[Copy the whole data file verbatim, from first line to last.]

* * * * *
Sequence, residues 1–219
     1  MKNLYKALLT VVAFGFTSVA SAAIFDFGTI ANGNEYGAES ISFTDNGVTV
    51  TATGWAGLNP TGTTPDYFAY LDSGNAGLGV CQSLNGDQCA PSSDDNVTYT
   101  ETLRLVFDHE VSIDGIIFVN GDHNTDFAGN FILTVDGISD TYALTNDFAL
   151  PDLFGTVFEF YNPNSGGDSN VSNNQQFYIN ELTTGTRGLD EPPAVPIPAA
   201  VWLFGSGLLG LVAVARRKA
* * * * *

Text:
Sequence, residues 1–219
     1  MKNLYKALLT VVAFGFTSVA SAAIFDFGTI ANGNEYGAES ISFTDNGVTV
    51  TATGWAGLNP TGTTPDYFAY LDSGNAGLGV CQSLNGDQCA PSSDDNVTYT
   101  ETLRLVFDHE VSIDGIIFVN GDHNTDFAGN FILTVDGISD TYALTNDFAL
   151  PDLFGTVFEF YNPNSGGDSN VSNNQQFYIN ELTTGTRGLD EPPAVPIPAA
   201  VWLFGSGLLG LVAVARRKA